‘Beautiful’ – Golden Bowl / 36

March 25, 2013

Book TWO Part 5 Chapter 36

[Maggie] Nothing in fact was stranger than the way in which, when she had remained there a little, her companions, watched by her through one of the windows, actually struck her as almost consciously and gratefully safer. They might have been—really charming as they showed in the beautiful room, and Charlotte certainly, as always, magnificently handsome and supremely distinguished—they might have been figures rehearsing some play of which she herself was the author; they might even, for the happy appearance they continued to present, have been such figures as would, by the strong note of character in each, fill any author with the certitude of success, especially of their own histrionic.

Such a glimpse of her conceivable idea, which would be founded on reasons all her own, reasons of experience and assurance, impenetrable to others, but intimately familiar to herself—such a glimpse opened out wide as soon as it had come into view; for if so much as this was still firm ground between the elder pair, if the beauty of appearances had been so consistently preserved, it was only the golden bowl as Maggie herself knew it that had been broken. The breakage stood not for any wrought discomposure among the triumphant three—it stood merely for the dire deformity of her attitude toward them.

Charlotte had marched straight in, dragging her rich train; she rose there beautiful and free, with her whole aspect and action attuned to the firmness of her speech. Maggie had kept the shawl she had taken out with her, and, clutching it tight in her nervousness, drew it round her as if huddling in it for shelter, covering herself with it for humility.

[Maggie] “You must take it from me that your anxiety rests quite on a misconception. You must take it from me that I’ve never at any moment fancied I could suffer by you.” And, marvellously, she kept it up—not only kept it up, but improved on it. “You must take it from me that I’ve never thought of you but as beautiful, wonderful and good. Which is all, I think, that you can possibly ask.”

‘Beautiful’ – Golden Bowl / 37

March 24, 2013

Book TWO Part 5 Chapter 37

[Adam, Maggie] It was positively as if, in short, the inward felicity of their being once more, perhaps only for half-an-hour, simply daughter and father had glimmered out for them, and they had picked up the pretext that would make it easiest. They were husband and wife—oh, so immensely!—as regards other persons; but after they had dropped again on their old bench, conscious that the party on the terrace, augmented, as in the past, by neighbours, would do beautifully without them, it was wonderfully like their having got together into some boat and paddled off from the shore where husbands and wives, luxuriant complications, made the air too tropical.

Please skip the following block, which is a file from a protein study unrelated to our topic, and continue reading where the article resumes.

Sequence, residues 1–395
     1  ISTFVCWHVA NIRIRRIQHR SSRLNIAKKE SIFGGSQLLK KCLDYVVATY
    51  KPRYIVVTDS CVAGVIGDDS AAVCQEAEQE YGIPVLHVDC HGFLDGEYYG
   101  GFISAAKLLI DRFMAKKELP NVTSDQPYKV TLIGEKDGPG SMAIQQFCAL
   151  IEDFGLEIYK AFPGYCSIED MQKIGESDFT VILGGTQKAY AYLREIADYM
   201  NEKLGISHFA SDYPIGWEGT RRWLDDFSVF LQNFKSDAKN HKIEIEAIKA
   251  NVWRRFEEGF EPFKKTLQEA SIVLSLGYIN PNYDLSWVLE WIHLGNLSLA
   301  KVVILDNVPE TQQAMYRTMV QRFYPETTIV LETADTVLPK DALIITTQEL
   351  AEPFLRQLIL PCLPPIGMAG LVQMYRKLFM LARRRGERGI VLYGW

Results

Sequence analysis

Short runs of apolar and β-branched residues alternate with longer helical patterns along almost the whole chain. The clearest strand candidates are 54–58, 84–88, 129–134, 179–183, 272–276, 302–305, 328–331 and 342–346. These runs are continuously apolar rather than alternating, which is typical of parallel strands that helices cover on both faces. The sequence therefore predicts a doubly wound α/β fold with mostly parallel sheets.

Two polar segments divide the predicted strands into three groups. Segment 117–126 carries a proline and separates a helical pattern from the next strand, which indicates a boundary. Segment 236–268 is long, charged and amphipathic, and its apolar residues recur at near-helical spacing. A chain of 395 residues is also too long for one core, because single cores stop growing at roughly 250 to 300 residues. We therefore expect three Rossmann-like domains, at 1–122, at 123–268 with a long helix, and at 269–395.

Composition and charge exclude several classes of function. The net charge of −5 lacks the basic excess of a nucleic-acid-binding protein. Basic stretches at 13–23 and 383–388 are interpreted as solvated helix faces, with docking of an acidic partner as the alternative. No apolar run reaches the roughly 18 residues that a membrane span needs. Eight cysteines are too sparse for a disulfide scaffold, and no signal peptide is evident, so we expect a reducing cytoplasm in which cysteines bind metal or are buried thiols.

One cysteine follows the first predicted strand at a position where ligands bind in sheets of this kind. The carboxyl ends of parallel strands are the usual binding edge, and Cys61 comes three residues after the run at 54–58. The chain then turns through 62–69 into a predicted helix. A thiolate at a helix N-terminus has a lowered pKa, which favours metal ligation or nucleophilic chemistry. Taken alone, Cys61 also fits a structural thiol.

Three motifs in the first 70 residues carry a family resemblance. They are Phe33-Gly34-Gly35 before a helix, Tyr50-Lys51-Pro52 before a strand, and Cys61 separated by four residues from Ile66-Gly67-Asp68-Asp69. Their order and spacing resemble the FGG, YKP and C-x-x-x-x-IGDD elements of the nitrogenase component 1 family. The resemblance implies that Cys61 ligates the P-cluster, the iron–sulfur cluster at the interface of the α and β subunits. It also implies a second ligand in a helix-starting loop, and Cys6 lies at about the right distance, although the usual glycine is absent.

[Adam, Maggie]Her father listened to this declaration as if the precautions of her general mercy could still, as they betrayed themselves, have surprises for him—to say nothing of a charm of delicacy and beauty; he might have been wishing to see how far she could go and where she would, all touchingly to him, arrive.

[Adam, Maggie] “No, we’re not proud,” she answered after a moment. “I’m not sure that we’re quite proud enough.” Yet she changed the next instant that subject too. She could only do so, however, by harking back—as if it had been a fascination. She might have been wishing, under this renewed, this still more suggestive visitation, to keep him with her for remounting the stream of time and dipping again, for the softness of the water, into the contracted basin of the past. “We talked about it—we talked about it; you don’t remember so well as I. You too didn’t know—and it was beautiful of you; like Kitty and Dotty you too thought we had a position, and were surprised when I thought we ought to have told them we weren’t doing for them what they supposed. In fact,” Maggie pursued, “we’re not doing it now. We’re not, you see, really introducing them. I mean not to the people they want.”

“Well, you admitted”—Maggie kept it up—”that that was a good difficulty. You confessed that our life did seem to be beautiful.”
He thought a moment. “Yes—I may very well have confessed it, for so it did seem to me.” But he guarded himself with his dim, his easier smile. “What do you want to put on me now?”
“Only that we used to wonder—that we were wondering then—if our life wasn’t perhaps a little selfish.” This also for a time, much at his leisure, Adam Verver retrospectively fixed. “Because Fanny Assingham thought so?”

Besides, who but himself really knew what he, after all, hadn’t, or even had, gained? The beauty of her condition was keeping him, at any rate, as he might feel, in sight of the sea, where, though his personal dips were over, the whole thing could shine at him, and the air and the plash and the play become for him too a sensation.

[Maggie, Adam] With which, his glasses still fixed on her, his hands in his pockets, his hat pushed back, his legs a little apart, he seemed to plant or to square himself for a kind of assurance it had occurred to him he might as well treat her to, in default of other things, before they changed their subject. It had the effect, for her, of a reminder—a reminder of all he was, of all he had done, of all, above and beyond his being her perfect little father, she might take him as representing, take him as having, quite eminently, in the eyes of two hemispheres, been capable of, and as therefore wishing, not—was it?—illegitimately, to call her attention to. The “successful,” beneficent person, the beautiful, bountiful, original, dauntlessly wilful great citizen, the consummate collector and infallible high authority he had been and still was—these things struck her, on the spot, as making up for him, in a wonderful way, a character she must take into account in dealing with him either for pity or for envy.